272 tn Heb “in the path of antiquity.” This probably refers to the moral path prescribed by the Lord at the beginning of Israel’s history. See Jer 6:16; 18:15, as well as L. C. Allen, Psalms 101-150 (WBC), 253.

273 sn Psalm 140. The psalmist asks God to deliver him from his deadly enemies, calls judgment down upon them, and affirms his confidence in God’s justice.

274 tn Heb “from a wicked man.” The Hebrew uses the singular in a representative or collective sense (note the plural verbs in v. 2).

275 tn Heb “a man of violent acts.” The Hebrew uses the singular in a representative or collective sense (note the plural verbs in v. 2).

276 tn Heb “they devise wicked [plans] in [their] mind.”

277 tc Heb “they attack [for] war.” Some revocalize the verb (which is a Qal imperfect from גּוּר, gur, “to attack”) as יְגָרוּ (yÿgaru), a Piel imperfect from גָרָה (garah, “stir up strife”). This is followed in the present translation.

278 tn Heb “they sharpen their tongue like a serpent.” Ps 64:3 reads, “they sharpen their tongues like sword.” Perhaps Ps 140:3 uses a mixed metaphor, the point being that “they sharpen their tongues [like a sword],” as it were, so that when they speak, their words wound like a serpent’s bite. Another option is that the language refers to the pointed or forked nature of a serpent’s tongue, which is viewed metaphorically as “sharpened.”

279 tn The Hebrew term is used only here in the OT.

280 tn Heb “under.”

281 tn Heb “hands.”

282 tn Heb “to push down my steps.”

283 tn Heb “and ropes,” but many prefer to revocalize the noun as a participle (חֹבְלִים, khovÿlim) from the verb חָבַל (khaval, “act corruptly”).

284 tn Heb “the strength of my deliverance.”

285 tn Heb “cover.”

286 tn Heb “do not grant the desires of the wicked.”

287 tn Heb “his.” The singular is used in a representative sense (see v. 1).

288 tn Heb “his plot do not promote, they rise up.” The translation understands the final verb as being an unmarked temporal clause. Another option is to revocalize the verb as a Hiphil and take the verb with the next verse, “those who surround me lift up [their] head,” which could refer to their proud attitude as they anticipate victory (see Ps 27:6).

289 tn Heb “harm of their lips.” The genitive here indicates the source or agent of the harm.

290 tn The verb form in the Kethib (consonantal Hebrew text) appears to be a Hiphil imperfect from the root מוּט (mut, “to sway”), but the Hiphil occurs only here and in Ps 55:3, where it is preferable to read יַמְטִירוּ (yamtiru, “they rain down”). In Ps 140:10 the form יַמְטֵר (yamter, “let him rain down”) should probably be read.

291 tn Heb “into bottomless pits, they will not arise.” The translation assumes that the preposition -בְּ (bet) has the nuance “from” here. Another option is to connect the line with what precedes, take the final clause as an asyndetic relative clause, and translate, “into bottomless pits [from which] they cannot arise.” The Hebrew noun מַהֲמֹרָה (mahamorah, “bottomless pit”) occurs only here in the OT.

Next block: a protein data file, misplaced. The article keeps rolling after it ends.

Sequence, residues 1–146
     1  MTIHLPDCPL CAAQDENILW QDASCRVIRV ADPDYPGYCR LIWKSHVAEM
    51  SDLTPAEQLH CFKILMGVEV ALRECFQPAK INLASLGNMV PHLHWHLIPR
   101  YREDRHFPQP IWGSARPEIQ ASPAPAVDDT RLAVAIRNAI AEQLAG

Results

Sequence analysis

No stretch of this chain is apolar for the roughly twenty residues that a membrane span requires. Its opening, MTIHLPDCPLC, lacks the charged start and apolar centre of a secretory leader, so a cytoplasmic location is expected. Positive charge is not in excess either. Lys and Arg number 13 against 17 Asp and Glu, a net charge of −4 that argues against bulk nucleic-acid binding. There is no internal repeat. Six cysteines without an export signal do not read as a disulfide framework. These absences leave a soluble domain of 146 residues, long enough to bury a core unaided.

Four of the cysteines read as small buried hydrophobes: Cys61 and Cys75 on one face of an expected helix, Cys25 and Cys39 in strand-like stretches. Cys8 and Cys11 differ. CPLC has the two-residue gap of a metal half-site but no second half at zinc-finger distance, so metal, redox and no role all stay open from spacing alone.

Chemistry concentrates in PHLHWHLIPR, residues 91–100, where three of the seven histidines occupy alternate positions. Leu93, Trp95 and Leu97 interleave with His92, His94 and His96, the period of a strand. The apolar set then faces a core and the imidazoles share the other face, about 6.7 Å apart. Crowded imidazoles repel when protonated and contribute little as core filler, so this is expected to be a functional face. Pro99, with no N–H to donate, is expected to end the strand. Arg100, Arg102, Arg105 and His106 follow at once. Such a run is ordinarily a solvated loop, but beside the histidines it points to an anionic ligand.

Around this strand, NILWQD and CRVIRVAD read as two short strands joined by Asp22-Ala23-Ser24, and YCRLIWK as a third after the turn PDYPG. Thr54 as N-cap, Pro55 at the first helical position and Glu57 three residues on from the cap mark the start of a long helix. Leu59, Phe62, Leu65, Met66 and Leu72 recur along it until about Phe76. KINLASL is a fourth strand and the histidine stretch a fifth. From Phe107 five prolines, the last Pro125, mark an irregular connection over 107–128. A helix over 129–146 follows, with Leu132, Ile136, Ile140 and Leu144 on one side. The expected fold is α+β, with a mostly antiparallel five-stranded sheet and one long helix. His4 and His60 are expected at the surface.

292 tn Heb “a man of a tongue.”

293 tn Heb “be established in.”

294 tn Heb “for blows.” The Hebrew noun מַדְחֵפֹה (madkhefoh, “blow”) occurs only here in the OT.

295 tc The translation follows the Qere and many medieval Hebrew mss in reading a first person verb form here. The Kethib reads the second person.

296 tn Heb “and the just cause of the poor.”

297 sn Psalm 141. The psalmist asks God to protect him from sin and from sinful men.

298 tn Heb “may my prayer be established [like] incense before you, the uplifting of my hands [like] an evening offering.”

299 tn Heb “door.” The Hebrew word occurs only here in the OT.

300 sn My mouth…my lips. The psalmist asks God to protect him from speaking inappropriately or sinfully.

301 tn Heb “do not turn my heart toward an evil thing.”

302 tn Heb “to act sinfully in practices in wickedness with men, doers of evil.”

303 sn Their delicacies. This probably refers to the enjoyment that a sinful lifestyle appears to offer.

304 tn The form יָנִי (yaniy) appears to be derived from the verbal root נוּא (nu’). Another option is to emend the form to יְנָא (yÿna’), a Piel from נָאָה (naah), and translate “may choice oil not adorn my head” (see L. C. Allen, Psalms 101-150 [WBC], 271). In this case, choice oil, like delicacies in v. 4, symbolize the pleasures of sin.

305 sn May my head not refuse choice oil. The psalmist compares the constructive criticism of the godly (see the previous line) to having refreshing olive oil poured over one’s head.

306 tc Heb “for still, and my prayer [is] against their evil deeds.” The syntax of the Hebrew text is difficult; the sequence -כִּי־עוֹד וּ (kiy-od u-, “for still and”) occurs only here. The translation assumes an emendation to כִּי עֵד תְפלָּתִי (“indeed a witness [is] my prayer”). The psalmist’s lament about the evil actions of sinful men (see v. 4) testifies against the wicked in the divine court.